After an adjustment period, I bit the bullet and took out a bounce-back loan in May last year. I had no other option but to look at new avenues, and so I focussed on my passions and went for it. My knowledge base of commercial drone flying at the beginning of lockdown was very low. By the end of the summer, I’d been up to Leeds and completed my ground school training, which is what you need to become a commercial drone pilot that’s qualified for commercial work and to attain relevant insurances. It’s awarded by the civil aviation authority, so you have to pass stringent ground testing and flight school! It’s all to ensure safety – for other air users, people, vehicles, premises etc.

    How did you tackle the Covid-19 barriers?
    The physical barriers were easier to overcome as we were allowed to work as an outdoor trade with relevant Covid safe measures in place, e.g. masks, social distancing etc. For a drone company, that’s relatively easy as our work is 80% outdoors and close interactions aren’t necessary. However, the psychological side of starting a business during a pandemic was harder to tackle. The reason I could get moving again was because I’d already gone through redundancy six years ago. Back then, I worked with a CBT coach who helped me reassess my value – who I was and what I wanted. So, this time, I knew what to do next – and that wasn’t to try and solve it by myself!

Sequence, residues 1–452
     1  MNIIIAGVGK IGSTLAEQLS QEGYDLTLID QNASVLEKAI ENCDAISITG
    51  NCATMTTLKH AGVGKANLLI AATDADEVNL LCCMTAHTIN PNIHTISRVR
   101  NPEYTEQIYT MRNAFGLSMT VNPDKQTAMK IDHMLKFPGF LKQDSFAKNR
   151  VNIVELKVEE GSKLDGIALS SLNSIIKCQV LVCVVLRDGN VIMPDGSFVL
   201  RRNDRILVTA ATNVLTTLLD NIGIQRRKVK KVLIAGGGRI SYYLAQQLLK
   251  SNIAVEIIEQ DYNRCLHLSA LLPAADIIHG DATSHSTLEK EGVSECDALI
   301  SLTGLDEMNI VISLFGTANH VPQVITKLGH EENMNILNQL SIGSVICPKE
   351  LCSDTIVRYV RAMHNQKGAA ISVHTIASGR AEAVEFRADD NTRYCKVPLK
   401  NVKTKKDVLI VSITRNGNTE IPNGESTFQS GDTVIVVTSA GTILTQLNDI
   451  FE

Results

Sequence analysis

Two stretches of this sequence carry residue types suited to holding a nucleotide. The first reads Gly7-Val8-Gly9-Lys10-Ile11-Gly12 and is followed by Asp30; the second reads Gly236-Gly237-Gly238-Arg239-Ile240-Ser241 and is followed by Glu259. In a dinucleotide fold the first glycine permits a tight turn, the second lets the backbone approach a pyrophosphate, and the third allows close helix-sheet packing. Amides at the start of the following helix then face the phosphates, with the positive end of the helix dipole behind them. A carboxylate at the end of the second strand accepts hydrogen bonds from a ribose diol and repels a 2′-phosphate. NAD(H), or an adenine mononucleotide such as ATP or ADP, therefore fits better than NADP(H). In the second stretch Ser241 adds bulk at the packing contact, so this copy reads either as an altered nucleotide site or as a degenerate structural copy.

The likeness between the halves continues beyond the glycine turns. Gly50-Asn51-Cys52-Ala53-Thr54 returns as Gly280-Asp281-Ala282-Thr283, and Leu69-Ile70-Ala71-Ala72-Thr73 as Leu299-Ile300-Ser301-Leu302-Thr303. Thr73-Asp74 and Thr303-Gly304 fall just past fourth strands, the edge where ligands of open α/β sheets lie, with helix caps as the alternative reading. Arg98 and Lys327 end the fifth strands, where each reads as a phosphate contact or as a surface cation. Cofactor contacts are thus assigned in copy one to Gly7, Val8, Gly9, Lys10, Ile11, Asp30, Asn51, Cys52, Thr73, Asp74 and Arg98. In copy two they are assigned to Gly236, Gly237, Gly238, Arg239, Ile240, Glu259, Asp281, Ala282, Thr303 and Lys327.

I reached out to the coaches who’d helped me in the past, and I reached out to an online IOD (Institute of Directors) group, who bolstered each other and kept me moving forward. I’m now friends with four of them for life. At the same time, an online coach approached me and I jumped on the opportunity. I worked with her for six months, and she kept me super steady during that time.

    After realising what I wanted to do, it was about strategising how to build and capitalise on that passion. The vision on the back of all this was simple for me. Yes, I enjoy flying drones, but ‘How can I build a business that’s the number 1 in the UK, known for its safety record and integrity?’ That was my next step.

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    How has your business transformed and grown since making the move?